Fundamental research may help guide approaches to treatment
Knowing that a biological process takes place doesn’t explain the complicated cellular and molecular events that give rise to it.
Consider myelination: the creation of an insulating and protective sheath around nerve fibers. This sheath, made of a substance called myelin, imposes a structural organization that allows for fast, accurate and synchronized electrical transmission of information between nerve cells.
“Although we have a good grasp on the receptors and signaling cascades that promote or inhibit myelination, we still have a very poor understanding on how these pathways crosstalk and are integrated,” says Patrice Maurel, assistant professor in the Department of Biological Sciences at Rutgers University in Newark. “What we are doing in the laboratory is figuring out how this regulation is happening.”
In his work, Maurel is looking at the role of specialized cell adhesion molecules—called Nectin-like (Necl) molecules—in myelination. “These molecules, with their potential ability to form signaling platforms, may be part of this integration mechanism,” he says.
He has studied several aspects of the molecules, including their functional domains, association with proteins in axons nerve fibers and growth factor signaling in myelination. His research seeks to find out both how myelination works normally and how changes happen. That, eventually, may provide scientific evidence for other researchers to develop therapies for diseases marked by myelin loss, such as multiple sclerosis and Charcot-Marie-Tooth disorder, a genetic condition affecting the peripheral nerves.
Maurel also studies how Necl molecules respond after injury. When myelin is damaged or lost, normal messaging between cells in the brain, spinal cord and nerves may be disrupted.
Injury in the peripheral nervous system can regenerate myelin, Maurel notes, but produces sheaths that are shorter and thinner. “In terms of nerve condition, it will be changed, slower. You may have recovery and walk, but lose the fine motor coordination needed for writing,” he says.
Still, that’s better than what happens after injury to the brain or spinal cord. “Very often in the central nervous system, if you have recurring demyelination and remyelination, the axon will degenerate and the neuron cell body from which it comes eventually dies,” says Maurel.
What’s needed, he adds, is to understand the molecular mechanisms that regulate the cycle of loss and remyelination. That could be a long road. “We need to understand the molecular machinery that makes myelin in the first place,” he says.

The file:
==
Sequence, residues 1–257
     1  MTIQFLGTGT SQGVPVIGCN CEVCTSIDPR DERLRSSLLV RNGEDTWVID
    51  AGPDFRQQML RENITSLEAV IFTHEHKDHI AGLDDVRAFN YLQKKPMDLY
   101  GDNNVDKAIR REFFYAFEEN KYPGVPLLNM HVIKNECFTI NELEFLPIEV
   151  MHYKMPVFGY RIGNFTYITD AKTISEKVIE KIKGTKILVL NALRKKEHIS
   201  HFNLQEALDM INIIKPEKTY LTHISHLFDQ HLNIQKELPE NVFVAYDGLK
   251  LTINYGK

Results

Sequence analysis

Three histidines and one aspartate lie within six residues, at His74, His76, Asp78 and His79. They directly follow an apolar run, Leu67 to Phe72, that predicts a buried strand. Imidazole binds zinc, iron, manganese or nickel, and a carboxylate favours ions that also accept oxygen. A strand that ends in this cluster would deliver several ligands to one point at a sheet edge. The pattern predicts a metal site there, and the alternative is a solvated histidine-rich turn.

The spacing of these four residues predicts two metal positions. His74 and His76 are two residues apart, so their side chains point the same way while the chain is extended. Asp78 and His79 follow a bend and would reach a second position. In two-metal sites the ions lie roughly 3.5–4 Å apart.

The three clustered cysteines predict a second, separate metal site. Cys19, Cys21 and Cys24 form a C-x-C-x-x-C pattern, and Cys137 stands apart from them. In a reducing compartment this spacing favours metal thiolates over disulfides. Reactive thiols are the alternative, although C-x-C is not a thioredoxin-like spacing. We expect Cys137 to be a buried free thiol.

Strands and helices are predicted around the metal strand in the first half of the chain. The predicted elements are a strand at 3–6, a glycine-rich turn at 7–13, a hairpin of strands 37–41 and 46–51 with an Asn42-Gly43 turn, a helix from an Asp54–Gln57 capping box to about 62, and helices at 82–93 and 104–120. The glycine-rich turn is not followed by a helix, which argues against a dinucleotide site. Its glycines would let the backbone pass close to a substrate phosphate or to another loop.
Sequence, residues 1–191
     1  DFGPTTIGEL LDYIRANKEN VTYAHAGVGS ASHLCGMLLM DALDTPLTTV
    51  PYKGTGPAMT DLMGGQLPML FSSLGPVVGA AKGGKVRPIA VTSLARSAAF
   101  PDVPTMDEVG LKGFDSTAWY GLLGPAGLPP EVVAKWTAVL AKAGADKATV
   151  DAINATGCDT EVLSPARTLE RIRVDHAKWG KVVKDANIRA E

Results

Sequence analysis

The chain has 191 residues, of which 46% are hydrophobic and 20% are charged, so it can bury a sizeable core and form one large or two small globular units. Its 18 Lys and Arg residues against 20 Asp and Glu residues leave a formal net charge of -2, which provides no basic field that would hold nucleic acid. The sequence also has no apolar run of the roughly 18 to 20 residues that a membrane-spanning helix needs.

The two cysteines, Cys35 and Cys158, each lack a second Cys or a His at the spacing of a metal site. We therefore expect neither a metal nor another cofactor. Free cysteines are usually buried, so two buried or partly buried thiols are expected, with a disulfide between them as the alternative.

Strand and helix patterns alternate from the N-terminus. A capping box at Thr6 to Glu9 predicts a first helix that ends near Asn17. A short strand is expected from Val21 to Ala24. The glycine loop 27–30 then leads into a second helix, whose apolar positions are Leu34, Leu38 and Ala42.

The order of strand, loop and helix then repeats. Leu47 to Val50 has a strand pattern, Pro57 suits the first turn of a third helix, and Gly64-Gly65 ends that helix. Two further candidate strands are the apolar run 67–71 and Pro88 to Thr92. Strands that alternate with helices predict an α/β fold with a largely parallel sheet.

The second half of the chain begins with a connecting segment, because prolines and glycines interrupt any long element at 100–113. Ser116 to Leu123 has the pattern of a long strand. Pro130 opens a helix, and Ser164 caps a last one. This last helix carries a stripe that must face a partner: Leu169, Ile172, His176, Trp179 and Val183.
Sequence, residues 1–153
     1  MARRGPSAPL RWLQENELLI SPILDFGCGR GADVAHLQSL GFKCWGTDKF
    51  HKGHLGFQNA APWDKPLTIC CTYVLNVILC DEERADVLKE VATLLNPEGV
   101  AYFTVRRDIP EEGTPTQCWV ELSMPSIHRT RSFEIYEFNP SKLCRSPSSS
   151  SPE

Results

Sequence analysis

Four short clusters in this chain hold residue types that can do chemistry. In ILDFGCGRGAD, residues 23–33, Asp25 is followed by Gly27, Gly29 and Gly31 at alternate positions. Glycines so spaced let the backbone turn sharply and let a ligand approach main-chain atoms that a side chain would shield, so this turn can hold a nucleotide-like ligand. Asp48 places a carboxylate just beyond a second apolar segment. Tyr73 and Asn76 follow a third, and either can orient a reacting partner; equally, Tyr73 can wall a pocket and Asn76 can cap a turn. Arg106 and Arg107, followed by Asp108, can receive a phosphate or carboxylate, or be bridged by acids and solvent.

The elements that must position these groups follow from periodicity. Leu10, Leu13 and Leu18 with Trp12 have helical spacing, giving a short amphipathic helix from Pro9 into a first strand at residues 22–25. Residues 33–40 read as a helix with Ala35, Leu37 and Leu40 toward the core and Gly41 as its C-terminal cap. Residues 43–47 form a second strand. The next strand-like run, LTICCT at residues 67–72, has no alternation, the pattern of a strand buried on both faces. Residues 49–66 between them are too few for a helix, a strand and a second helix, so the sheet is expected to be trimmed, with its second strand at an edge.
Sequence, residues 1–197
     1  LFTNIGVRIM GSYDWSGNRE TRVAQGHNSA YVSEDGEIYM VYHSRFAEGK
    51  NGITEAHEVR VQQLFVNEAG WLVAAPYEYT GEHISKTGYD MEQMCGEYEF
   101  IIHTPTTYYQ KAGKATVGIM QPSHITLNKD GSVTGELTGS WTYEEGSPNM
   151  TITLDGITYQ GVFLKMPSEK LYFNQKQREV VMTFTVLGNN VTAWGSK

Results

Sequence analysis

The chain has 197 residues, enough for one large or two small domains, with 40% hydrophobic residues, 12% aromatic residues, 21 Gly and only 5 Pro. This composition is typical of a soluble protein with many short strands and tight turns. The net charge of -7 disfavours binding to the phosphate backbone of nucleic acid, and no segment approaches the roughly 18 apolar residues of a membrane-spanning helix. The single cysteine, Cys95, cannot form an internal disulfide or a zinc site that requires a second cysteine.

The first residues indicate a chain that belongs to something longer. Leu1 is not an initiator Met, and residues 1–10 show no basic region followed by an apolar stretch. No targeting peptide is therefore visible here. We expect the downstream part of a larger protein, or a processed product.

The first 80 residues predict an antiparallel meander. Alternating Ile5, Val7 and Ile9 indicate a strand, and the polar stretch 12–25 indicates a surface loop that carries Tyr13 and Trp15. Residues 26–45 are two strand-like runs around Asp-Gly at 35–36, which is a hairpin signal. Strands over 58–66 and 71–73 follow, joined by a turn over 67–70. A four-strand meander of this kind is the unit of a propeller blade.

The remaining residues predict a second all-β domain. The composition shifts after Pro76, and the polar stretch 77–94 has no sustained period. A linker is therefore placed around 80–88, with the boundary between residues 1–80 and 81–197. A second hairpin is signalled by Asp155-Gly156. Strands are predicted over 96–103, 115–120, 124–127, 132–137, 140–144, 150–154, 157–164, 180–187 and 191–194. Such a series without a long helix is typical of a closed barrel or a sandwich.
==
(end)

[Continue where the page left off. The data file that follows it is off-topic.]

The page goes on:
Maurel believes that Necl molecules may have an impact in cancer research. His laboratory is in an early collaboration with a group at Geisinger Health System in Danville, Pennsylvania, studying neural stem cells derived from patients with glioma and glioblastoma types of brain tumors. He thinks Necl molecules may work in cancer as tumor suppressors, regulating cell growth.
“Necl could become a therapeutic target to prevent migration of these (tumor) cells,” he adds. “They could definitely have an impact broader than remyelination.
Patrice Maurel received a B.S. in natural sciences and a B.S. in biochemistry and molecular biology from Université Paul Sabatier (UPS), the science, technology and health institution of the University of Toulouse in France. He earned his M.S. in pharmacology and molecular toxicology and a Ph.D. in biological sciences-developmental biology, also at UPS. Maurel came to the United States as a post-doctoral fellow in pharmacology at the New York University School of Medicine. While at NYU, he was named an associate research scientist in pharmacology and, later, an associate research scientist and research assistant professor in cell biology. During that time, he won an advanced postdoctoral fellowship award from The National Multiple Sclerosis Society. In 2009, Maurel came to Rutgers University in Newark as assistant professor in the Department of Biological Sciences. The following year, he received the Busch Biomedical Research Foundation Award. He has published numerous journal articles and is a member of The American Society for Cell Biology, Society for Neuroscience and American Society for Neurochemistry.
Selected Publications (Maurel and co-authors)
MAPK activation promotes denervated Schwann cell phenotype and functions as a negative regulator of Schwann cell differentiation and myelination, Journal of Neuroscience, Vol. 32 (2012)
Soluble neuregulin-1 has bifunctional, concentration-dependent effects on Schwann cell myelination, Journal of Neuroscience, Vol. 30 (2010)
Primary Schwann cell cultures, Protocols for neural cell culture, 4th Edition (L. Doering ed) Totowa: Humana Press Inc/Springer media. (2010)
Nectin-like proteins mediate axon-Schwann cell interactions along the internode and are essential for myelination, Journal of Cell Biology, Vol. 178 (2007)
Neurofascin interactions play a critical role in clustering sodium channels, ankyrin G and ßIV spectrin at peripheral nodes of Ranvier, Developmental Biology, No. 293 (2006).
Axonal regulation of Schwann cell proliferation and survival and the initial events of myelination requires PI 3-kinase activity, Journal of Neuroscience,Vol. 20 (2000).
Chondroitin sulfate proteoglycans in the developing central nervous system. I: Cellular sites of synthesis of neurocan and phosphacan, Journal of Comp. Neurology, No. 366 (1996).
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